Why I'm supporting the Black Maternal Mental Health Week to help the UK's Black mums | Bolt Burdon Kemp Why I'm supporting the Black Maternal Mental Health Week to help the UK's Black mums | Bolt Burdon Kemp

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Why I’m supporting the Black Maternal Mental Health Week to help the UK’s Black mums

The 4th Black Maternal Mental Health Week is taking place from 25 September to 1 October 2023.

Coordinated by The Motherhood Group, the week highlights disparities, raises awareness and bridges the gap between mothers and service providers, organisations and others. Resources to support Black mothers are shared, while conversations can also be held.

Why mental health for Black mothers matters

This year, the theme for the awareness week is Breaking Cultural Barriers. Mental health is incredibly important to all women, but Black mothers are disproportionately affected by cultural barriers to accessing adequate mental health care during and after pregnancy.

There is significant evidence which shows the unique challenges faced by Black maternal mental health.

In the most recent MBRRACE report (November 2022), it was recorded that:

  • Suicide remains the leading cause of direct maternal deaths in the first year after birth. 40% of deaths within the year after pregnancy were from mental health-related causes, and very few women who died by suicide in 2020 had a formal mental health diagnosis.
  • In 2020, women were three times more likely to die by suicide during or up to six weeks after the end of pregnancy in 2020 compared to 2017-19.
  • 1 in 9 women who died had severe and multiple disadvantages.

In May 2022, charity Birthrights published Systemic Racism, not Broken Bodies, an inquiry into racial injustice and human rights in UK maternity care. Birthrights is the only charity which campaigns to protect human rights in childbirth.

The year-long inquiry into racial injustice in the maternity services found that Black, Brown and mixed-ethnicity women and birthing people often felt unsafe, were ignored and disbelieved. They were subject to racism by caregivers, were not given a proper choice or the means to give true informed consent and were subject to coercion from caregivers. Furthermore, they were regularly dehumanised and were disproportionately affected by structural barriers to care.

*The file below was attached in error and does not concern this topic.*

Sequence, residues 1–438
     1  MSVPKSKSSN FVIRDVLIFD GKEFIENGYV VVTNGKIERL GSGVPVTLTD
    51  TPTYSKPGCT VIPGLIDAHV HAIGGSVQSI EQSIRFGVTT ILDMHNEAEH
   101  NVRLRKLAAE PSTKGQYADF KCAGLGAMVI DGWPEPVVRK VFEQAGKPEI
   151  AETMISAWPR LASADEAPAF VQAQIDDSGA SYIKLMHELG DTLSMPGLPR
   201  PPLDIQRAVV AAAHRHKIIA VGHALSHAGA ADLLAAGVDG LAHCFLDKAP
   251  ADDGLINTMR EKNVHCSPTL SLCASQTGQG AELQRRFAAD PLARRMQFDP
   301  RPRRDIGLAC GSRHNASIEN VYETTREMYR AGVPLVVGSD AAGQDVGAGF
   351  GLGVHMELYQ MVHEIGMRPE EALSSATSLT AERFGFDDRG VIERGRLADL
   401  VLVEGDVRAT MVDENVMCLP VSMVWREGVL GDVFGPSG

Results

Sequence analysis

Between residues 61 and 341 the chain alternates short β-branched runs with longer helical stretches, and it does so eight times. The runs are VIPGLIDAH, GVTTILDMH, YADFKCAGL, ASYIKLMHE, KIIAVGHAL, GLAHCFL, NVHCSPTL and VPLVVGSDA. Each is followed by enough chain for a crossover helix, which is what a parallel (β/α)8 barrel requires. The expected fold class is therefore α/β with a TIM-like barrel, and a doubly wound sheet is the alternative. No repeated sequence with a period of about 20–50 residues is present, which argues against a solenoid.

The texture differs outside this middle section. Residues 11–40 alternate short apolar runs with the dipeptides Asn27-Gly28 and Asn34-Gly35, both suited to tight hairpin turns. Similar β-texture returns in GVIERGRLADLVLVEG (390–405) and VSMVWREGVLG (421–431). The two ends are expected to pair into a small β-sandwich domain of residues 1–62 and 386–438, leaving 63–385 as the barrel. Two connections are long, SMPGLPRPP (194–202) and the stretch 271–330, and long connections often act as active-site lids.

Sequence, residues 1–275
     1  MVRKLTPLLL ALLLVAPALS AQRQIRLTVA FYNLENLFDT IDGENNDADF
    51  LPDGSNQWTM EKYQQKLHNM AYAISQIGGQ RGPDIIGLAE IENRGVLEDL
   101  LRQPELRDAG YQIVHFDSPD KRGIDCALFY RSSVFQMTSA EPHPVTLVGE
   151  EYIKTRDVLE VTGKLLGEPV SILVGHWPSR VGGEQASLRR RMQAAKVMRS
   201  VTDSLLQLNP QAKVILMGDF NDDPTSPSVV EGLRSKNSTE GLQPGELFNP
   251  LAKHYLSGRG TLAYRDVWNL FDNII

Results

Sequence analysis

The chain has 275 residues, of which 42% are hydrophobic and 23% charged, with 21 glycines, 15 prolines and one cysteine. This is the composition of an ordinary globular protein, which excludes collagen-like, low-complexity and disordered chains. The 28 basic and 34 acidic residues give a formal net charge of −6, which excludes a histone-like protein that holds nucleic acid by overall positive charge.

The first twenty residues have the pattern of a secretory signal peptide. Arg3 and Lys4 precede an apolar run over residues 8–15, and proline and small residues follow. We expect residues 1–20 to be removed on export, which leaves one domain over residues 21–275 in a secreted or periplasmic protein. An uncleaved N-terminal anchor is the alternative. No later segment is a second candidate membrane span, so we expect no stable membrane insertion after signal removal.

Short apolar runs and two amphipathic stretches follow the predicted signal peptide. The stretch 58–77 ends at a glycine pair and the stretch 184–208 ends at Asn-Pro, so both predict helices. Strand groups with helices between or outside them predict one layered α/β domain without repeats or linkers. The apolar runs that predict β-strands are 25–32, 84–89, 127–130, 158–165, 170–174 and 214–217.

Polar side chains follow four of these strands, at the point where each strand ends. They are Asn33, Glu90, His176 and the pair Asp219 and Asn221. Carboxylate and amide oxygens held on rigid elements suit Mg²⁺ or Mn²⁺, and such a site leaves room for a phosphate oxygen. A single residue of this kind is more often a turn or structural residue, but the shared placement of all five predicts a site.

Black Maternal Mental Health Week aims to give Black mothers the opportunity to be heard, seen, and supported. The Motherhood Group aims to reduce harm and facilitate positive relations to improve the statistical deficit in Black maternal mental health.

Who’s behind the event?

The Motherhood Group is a social enterprise set up by Sandra Igwe, a Black maternal health advocate, in 2016. Following her own traumatic birth and post-natal depression, Sandra found there was nowhere to go to get the support she needed, and she became determined to set up her own village to support other Black women experiencing the same challenges.

The group facilitates community-based events, workshops, and support groups. It campaigns nationally about Black maternal mental health to raise awareness about the mental health challenges faced by Black Mothers.

Sandra is also a trustee of the charity Birthrights, which works to protect human rights during childbirth.

What you can do

There are many opportunities to get involved in the awareness week, whether it is to learn more or to access the support system.

The weeklong campaign sees The Motherhood Group collaborate with various experts and communities to share content and host webinars and panel discussions. They aim to raise awareness and provide educational resources to mothers, families, healthcare providers and the wider community.

They aim to advocate for policy change that addresses the disparities in maternal mental health support for Black women.

The Motherhood Group have provided a unique support system and through this they aim to encourage Black mothers to prioritise self-care and create a sense of empowerment and connection through the safe spaces created in the supportive community structure. In-person and online support groups are encouraged to provide this connection.

There are a series of educational webinars, workshops and discussions planned throughout the week, and fundraising events.

Above all, the aim is to raise this significant issue to the forefront of minds. For more information on the Black Maternal Mental Health Week, click here.

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